Archive for radio

2:45 a.m. Interview on KPBS

I’ve been working from about 5 p.m. to 3 a.m. the last few nights to keep KPBS.org updated. Our web team, along with the news staff and other volunteers, are taking turns to keep everything up and running 24/7. As I was finishing up early this morning, Doug Myrland (KPBS general manager who was working overnight on-air), asked me a few questions about the Google map to give people a sense of how we’re doing it.

Here’s the conversation:

(It’s not exactly an award-winning performance by yours truly, but I thought it was worth a posting for posterity’s sake.)

Much has progressed since this recording. Google has joined the effort to streamline updates, and those who have been updating the county maps will now be contributing directly to our Google map. In addition, a site from Governor Schwarzenegger, calfires.com, has embedded the map directly. Local CBS is linking to the map. Wired bloggers Michael Calore and Kevin Poulsen reported on KPBS’ use of Twitter and Google maps.

(Special props to Joe Spurr for pushing the use of Twitter and Google maps.)

Chicano History on KPBS

I produced a segment today for KPBS Radio’s talk show These Days. I brought on Sal Castro, a key figure who led student walkouts in the 1960s, and two UCSD professors to talk about Chicano history and identity.

Student Walkouts Hark Back to the Chicano Movement

Sal Castro, youth motivator and volunteer teacher. He mentored the students who staged walkouts in 1968. He joins us from his home in Los Angeles. Sal Castro will be at UCSD to lead a discussion following a public screening of the HBO film Walkout on Wednesday May 10 at 7 p.m. Walkout is directed by Edward James Olmos and is based on the true story of the 1968 walkouts.

Jorge Mariscal, director of the Chicano Studies Program at UC San Diego. His latest book is Brown-Eyed Children of the Sun: Lessons from the Chicano Movement.

Tomás Jiménez, Assistant Professor of Sociology at UCSD. His research focuses on immigration, race, ethnicity, inequality, assimilation, and the Mexican-origin population in the U.S.

Immigration Rally in San Diego

Sunday afternoon, tens of thousands marched through downtown San Diego. The news wires report over 50,000 attended, while others estimate the count at over 80,000. I was at the march to gather sound for NPR’s Morning Edition, KQED’s California Report, and KPBS News. On site, people were saying 15,000. I have no idea how they estimate these things, and I’ve never been in a crowd that large, so I can’t really say how may people were there. Here are photos I took:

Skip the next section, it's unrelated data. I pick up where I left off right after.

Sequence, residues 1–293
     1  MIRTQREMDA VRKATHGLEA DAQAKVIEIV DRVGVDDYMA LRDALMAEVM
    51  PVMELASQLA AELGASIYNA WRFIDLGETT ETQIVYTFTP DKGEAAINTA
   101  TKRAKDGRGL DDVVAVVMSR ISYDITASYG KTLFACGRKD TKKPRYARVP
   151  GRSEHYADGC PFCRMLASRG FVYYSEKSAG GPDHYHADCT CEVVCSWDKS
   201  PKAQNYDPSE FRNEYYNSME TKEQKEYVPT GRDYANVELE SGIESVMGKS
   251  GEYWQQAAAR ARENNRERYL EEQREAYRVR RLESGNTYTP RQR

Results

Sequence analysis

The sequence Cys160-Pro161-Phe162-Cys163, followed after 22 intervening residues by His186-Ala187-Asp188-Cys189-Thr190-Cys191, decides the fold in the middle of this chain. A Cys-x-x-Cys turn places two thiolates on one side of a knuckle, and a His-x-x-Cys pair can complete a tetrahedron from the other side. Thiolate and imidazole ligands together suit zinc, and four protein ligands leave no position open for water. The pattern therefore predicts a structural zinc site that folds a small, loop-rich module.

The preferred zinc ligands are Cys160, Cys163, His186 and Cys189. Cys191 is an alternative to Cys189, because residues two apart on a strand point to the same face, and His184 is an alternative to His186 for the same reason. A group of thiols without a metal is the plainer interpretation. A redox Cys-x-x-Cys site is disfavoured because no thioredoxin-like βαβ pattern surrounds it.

Immigration Rally in San Diego

The march was completely peaceful. The organizers handed out free bottled water. The police presence was very low. Most people wore white to symbolize peace and unity. People shouted “Si se puede,” “El pueblo unido jamás será vencido,” and other chants. I spoke to a journalist who writes for the media in Mexico City, an actor from the film A Day Without A Mexican, local residents, and several undocumented immigrants. I met a husband and wife who held a sign that read, “My wife is not a criminal.” The man served in Iraq and the woman was undocumented. She was brought to the U.S. at an early age and spoke perfect, unaccented English. She said she considers herself an American.

Immigration Rally in San Diego

StoryCorps in San Diego

StoryCorps MobileBooth
StoryCorps is an oral history project that sends their MobileBooth around the country, allowing two people to interview each other about their lives. The participants receive a copy of the 40-minute interview; another copy goes to the Library of Congress to permanently archive the voices of our time. At KPBS, I’m producing excerpted stories from the booth for broadcast. We started airing the pieces this week, and will continue into March. Check out this hilarious story:

Ramón “Chunky” Sanchez is a musician who played an active role in the Barrio Logan protests that led to the creation of Chicano park. His parents were farm workers, and when he first started public school he spoke only Spanish. Here, Chunky Sanchez talks with his friend Jose “Pepe” Villarino about what it was like for Mexican-American students in the 1950s.

La Posada: A Chicano Christmas Story

This is a 14-minute radio documentary I produced for KPBS in San Diego. It airs aired December 23 at 10:30 a.m. and December 25 at 3:30 p.m.:

Keeping old traditions alive can be hard work, but Mario Aguilar believes it’s worth it. Every year, the Aguilar family gathers their friends and neighbors to re-enact a Mexican posada at their home in Chula Vista, CA. And despite the children’s excitement over costumes and candy, Aguilar says practicing this age-old tradition will help future generations appreciate their heritage.

The Nortec Collective

Check out this radio piece I co-produced on the music of the Nortec Collective. On his blog, P.G. Beas (Hiperboreal) refers to me as a “gringo muy mexicano.”



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